How to Raise Non-Materialistic Children

Five Ways to Take the Lead in How Your Kids View Material Things
Kathy Longo, CFP®, CAP®, CDFA® Tuesday, 21 July 2020

How to Raise Non-Materialistic Children

It is human nature for all of us to feel the need to ‘keep up with the Joneses’ from time to time, children included. As more and more kids get smartphones and their popular gaming platforms grow ever more sophisticated, their brains are being primed to want the things their peers have. These feelings can be complex, especially as a new school year is beginning and things like new clothing, electronics, and accessories are on the minds of many kids. As parents, it’s up to us to help our children mitigate these complicated feelings and avoid falling head-first into materialism.

Child psychologists and parenting experts have studied the issue of materialism in children for several decades. Below we will discuss five findings to help parents lead their children toward a non-materialistic mindset.

Tip #1: Have Frequent Money Discussions

Our children learn quite a bit at school, but money management isn’t often included. Since education systems in the United States don’t require financial education, our children learn their spending habits from – you guessed it – us. If we want our children to understand the value of money, we need to talk openly about it and do so often. This includes the classic “money doesn’t grow on trees” narrative, which the Child Development Institute says will help kids learn how quickly money can disappear. In turn, this leads to establishing responsible spending habits into adulthood.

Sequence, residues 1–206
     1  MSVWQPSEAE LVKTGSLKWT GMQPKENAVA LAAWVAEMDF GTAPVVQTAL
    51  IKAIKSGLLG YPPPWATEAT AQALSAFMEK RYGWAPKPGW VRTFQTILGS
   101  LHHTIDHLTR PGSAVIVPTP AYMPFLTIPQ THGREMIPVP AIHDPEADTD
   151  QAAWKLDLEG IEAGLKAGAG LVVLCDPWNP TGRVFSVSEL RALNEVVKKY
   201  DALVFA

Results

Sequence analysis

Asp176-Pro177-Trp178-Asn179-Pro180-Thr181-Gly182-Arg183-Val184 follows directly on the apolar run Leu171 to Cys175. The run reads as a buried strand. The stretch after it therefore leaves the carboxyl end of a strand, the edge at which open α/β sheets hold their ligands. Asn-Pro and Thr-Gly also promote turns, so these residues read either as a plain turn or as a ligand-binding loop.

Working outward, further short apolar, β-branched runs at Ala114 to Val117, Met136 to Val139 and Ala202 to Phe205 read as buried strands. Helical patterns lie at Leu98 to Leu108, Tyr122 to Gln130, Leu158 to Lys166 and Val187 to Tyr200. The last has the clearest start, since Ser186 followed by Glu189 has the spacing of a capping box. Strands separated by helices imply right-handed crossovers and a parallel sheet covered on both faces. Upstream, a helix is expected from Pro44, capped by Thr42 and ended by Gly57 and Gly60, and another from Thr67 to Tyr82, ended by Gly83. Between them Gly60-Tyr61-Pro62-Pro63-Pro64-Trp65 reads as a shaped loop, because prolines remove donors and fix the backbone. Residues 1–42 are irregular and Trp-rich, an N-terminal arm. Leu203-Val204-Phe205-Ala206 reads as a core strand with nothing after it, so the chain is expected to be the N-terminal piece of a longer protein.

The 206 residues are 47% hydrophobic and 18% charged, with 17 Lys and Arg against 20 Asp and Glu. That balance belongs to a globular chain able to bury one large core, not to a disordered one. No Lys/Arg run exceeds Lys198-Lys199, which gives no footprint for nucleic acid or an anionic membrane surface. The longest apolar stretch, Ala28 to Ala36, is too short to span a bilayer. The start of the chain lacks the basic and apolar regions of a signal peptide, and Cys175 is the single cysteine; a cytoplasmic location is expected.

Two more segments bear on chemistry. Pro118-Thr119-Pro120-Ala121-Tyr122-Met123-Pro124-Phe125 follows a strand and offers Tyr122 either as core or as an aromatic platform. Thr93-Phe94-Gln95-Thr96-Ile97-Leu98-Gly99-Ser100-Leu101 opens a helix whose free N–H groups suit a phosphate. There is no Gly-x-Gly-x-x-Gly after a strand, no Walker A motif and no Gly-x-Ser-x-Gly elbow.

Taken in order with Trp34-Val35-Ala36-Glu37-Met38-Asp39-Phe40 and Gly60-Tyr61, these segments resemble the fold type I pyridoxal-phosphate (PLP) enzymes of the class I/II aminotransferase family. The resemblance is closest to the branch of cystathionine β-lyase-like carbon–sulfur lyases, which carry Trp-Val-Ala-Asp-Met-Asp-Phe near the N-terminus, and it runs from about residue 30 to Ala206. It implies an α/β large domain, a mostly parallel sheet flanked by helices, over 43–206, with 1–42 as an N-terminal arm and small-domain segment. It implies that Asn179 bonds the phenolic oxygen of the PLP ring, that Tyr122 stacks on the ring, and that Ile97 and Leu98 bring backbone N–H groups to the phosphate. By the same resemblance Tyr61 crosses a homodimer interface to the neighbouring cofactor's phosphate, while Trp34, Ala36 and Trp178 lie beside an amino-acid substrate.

We’ve all faced the scenario of a child desperately wanting a particular item before school starts, and the good news is that we don’t necessarily have to say no. Instead, take the advice of parenting coach Alice Kaltman who says we can hear our kids out and, if they want something very badly, partner together to create a strategy that lets them work to earn it. This means we aren’t giving an easy yes, but we aren’t forced to say no either.

Tip #2: Stop Using Material Rewards and Consequences

The habit of showing love or molding our child’s behavior by giving things or taking them away is referred to as ‘material parenting’. These tactics are common and most parents have used them. Maybe it’s to reward good report cards with shopping trips or taking away electronic devices as punishment for acting out, for instance. Though material parenting is common, research has shown that it can lead to our kids becoming materialistic adults who continue to reward themselves with things – and who, importantly, exhibit reduced feelings of wellbeing. If we stop associating behavior with things, our kids will place less value on things, too.

Tip #3: Don’t Neglect Quality Time

While our kids might tell us that the things they want most are clothes or toys or electronics, we would do much better by giving them more of our time and attention, says Dr. Kaltman. Her research has shown that engaging in forms of fun with our children that aren’t reliant on quick-fix fun like electronics draws attention away from material things. Instead, our kids feel the rewards of our encouragement, comfort, or family fun. Most of us are very busy, of course, and more quality time can seem difficult to fit in. However, we don’t need to plan anything elaborate. Simple things like taking a walk are more than enough to help our kids feel more connected to us.